With groups like ISIS flooding the Internet with its propaganda, a weekend call for attacks on U.S. shopping centers by a lesser-known terrorist group in Somalia is "not likely" to inspire violence anytime soon, according to federal authorities.
In a 76-minute propaganda video posted online Saturday, the al Qaeda-linked group al-Shabab urged Western followers to strike in their home countries with attacks like the one targeting a popular mall in Kenya two years ago, when a four-day siege tied to al-Shabab left 67 dead.
The video posted Saturday specifically mentioned the Mall of America in Bloomington, Minnesota, as a possible target, prompting the massive shopping center to conduct two drills Monday.
"Our top priority at Mall of America is the safety of all guests. These test drills help us to prepare for emergency situations," signs posted in the mall reportedly read.
U.S. officials expressed skepticism that al-Shabab's video will produce an emergency situation.
"Our view is it's propaganda," State Department spokeswoman Jen Psaki said of the video. "There's not a credible threat against malls."
Similarly, the FBI and Department of Homeland Security said Sunday that so-called "homegrown violent extremists" are "not likely to respond immediately" to the weekend call for attacks because such homegrown radicals are paying "greater attention ... to supporting fighters in other foreign conflict zones, such as Syria," where ISIS is wreaking havoc and using online social media to radicalize tens of thousands around the world.
In addition, al-Shabab's past messaging has had "limited resonance," the FBI and DHS said in an intelligence bulletin issued to law enforcement on Sunday.
"Previous al-Shabab videos have called for Western Muslims to conduct attacks around the world without result," and neither the 2013 attack on the Westgate mall in Nairobi, Kenya, nor al-Shabab's subsequent praise of it have "mobilize[d] operatives," the bulletin added.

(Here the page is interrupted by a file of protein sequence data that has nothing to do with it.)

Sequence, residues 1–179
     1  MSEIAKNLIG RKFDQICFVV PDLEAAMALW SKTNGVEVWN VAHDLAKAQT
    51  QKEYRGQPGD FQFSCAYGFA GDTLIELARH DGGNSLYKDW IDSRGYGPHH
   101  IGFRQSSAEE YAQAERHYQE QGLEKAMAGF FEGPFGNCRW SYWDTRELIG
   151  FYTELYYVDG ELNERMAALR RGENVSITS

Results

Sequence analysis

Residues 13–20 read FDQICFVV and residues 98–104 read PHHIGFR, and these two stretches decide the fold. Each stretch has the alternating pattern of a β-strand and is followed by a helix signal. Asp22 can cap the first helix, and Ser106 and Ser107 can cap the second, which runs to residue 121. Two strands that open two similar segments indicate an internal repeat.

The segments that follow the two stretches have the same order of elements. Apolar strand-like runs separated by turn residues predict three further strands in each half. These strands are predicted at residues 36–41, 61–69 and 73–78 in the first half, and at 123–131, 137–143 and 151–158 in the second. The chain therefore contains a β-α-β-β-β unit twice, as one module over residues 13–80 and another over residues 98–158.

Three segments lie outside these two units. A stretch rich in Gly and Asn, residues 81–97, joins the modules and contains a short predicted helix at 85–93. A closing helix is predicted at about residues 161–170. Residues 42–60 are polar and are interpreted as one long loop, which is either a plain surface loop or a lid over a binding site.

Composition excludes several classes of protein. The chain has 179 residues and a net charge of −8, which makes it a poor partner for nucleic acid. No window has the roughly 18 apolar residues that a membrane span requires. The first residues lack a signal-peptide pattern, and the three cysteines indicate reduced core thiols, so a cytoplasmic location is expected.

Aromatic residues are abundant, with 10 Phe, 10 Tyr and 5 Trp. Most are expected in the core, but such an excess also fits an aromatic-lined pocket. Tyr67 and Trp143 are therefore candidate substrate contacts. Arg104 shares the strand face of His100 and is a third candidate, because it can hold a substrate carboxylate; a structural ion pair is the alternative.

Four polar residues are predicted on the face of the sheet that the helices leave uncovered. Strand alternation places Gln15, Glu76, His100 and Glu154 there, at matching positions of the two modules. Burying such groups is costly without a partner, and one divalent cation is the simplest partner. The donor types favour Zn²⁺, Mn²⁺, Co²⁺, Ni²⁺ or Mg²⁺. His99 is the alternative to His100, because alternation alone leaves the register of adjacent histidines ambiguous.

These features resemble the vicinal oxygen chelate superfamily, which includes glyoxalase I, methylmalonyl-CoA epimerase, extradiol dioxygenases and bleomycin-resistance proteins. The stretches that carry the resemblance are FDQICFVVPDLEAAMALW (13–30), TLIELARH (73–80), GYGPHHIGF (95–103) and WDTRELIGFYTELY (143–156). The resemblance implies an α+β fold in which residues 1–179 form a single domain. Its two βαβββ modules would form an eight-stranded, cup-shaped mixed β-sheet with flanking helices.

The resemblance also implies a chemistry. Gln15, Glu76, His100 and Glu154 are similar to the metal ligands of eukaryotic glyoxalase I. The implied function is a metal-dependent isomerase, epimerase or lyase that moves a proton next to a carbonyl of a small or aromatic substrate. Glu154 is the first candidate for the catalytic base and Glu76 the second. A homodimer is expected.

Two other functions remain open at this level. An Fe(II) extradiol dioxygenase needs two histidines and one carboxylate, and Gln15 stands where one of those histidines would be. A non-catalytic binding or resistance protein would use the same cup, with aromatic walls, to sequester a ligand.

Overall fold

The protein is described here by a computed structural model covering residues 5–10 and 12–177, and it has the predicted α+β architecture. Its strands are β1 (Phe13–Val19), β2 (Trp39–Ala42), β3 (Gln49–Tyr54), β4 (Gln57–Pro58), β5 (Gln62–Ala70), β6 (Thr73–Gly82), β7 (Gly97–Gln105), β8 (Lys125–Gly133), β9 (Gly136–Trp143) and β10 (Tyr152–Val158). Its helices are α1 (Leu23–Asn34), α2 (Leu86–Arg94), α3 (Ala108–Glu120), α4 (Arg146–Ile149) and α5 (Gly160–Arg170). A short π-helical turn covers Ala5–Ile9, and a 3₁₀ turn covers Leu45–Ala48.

Still, the top law enforcement agencies urge security officials and shoppers at malls across the United States to remain vigilant, saying the "individualized nature of the radicalization process makes it difficult" to predict or detect plotting by homegrown radicals.
During a morning drill at the Mall of America on Monday, a recording saying "Attention Guests: This a drill" echoed throughout the mall as shopkeepers temporarily brought gates down.
"We're concerned because, yes, it could happen," one shopper at the mall Monday told NNS. "It's a big target for someone that wants to cause a lot of havoc."
Still, the shopper said that is "not going to probably keeps us away."
Al-Shabab has proven to be a potent and lethal force in East Africa. Three years before the attack on Westgate mall in Kenya, the group claimed responsibility for a series of coordinated bombings in Uganda targeting soccer fans watching the 2010 World Cup. More than 70 people were killed, and another 70 were injured.
For several years, al-Shabab has been waging war against the fledgling government in Somalia, which has been backed by the U.S. government and the government in neighboring Ethiopia.
After Ethiopian forces moved into Somalia in 2007, al-Shabab was able to recruit dozens of Americans to the fight, as estimated by the U.S. Justice Department. But many of those Americans have said they went to Somalia to push the Ethiopians "invaders" out, not to harm the United States in any way.
Meanwhile, reports out of Somalia have indicated deep fractures within al-Shabab over whether the group should become more of a global enterprise and try to launch attacks outside East Africa, perhaps in the West.
"We assess al-Shabab is [still] focused primarily on efforts to topple the Somali Federal Government and expel foreign troops from Somalia,” the FBI and DHS said in the bulletin on Sunday.
In addition, DHS issued a separate statement to media on Sunday, saying: "As a general matter, we are not aware of any specific, credible plot against the Mall of America or any other domestic commercial shopping center."
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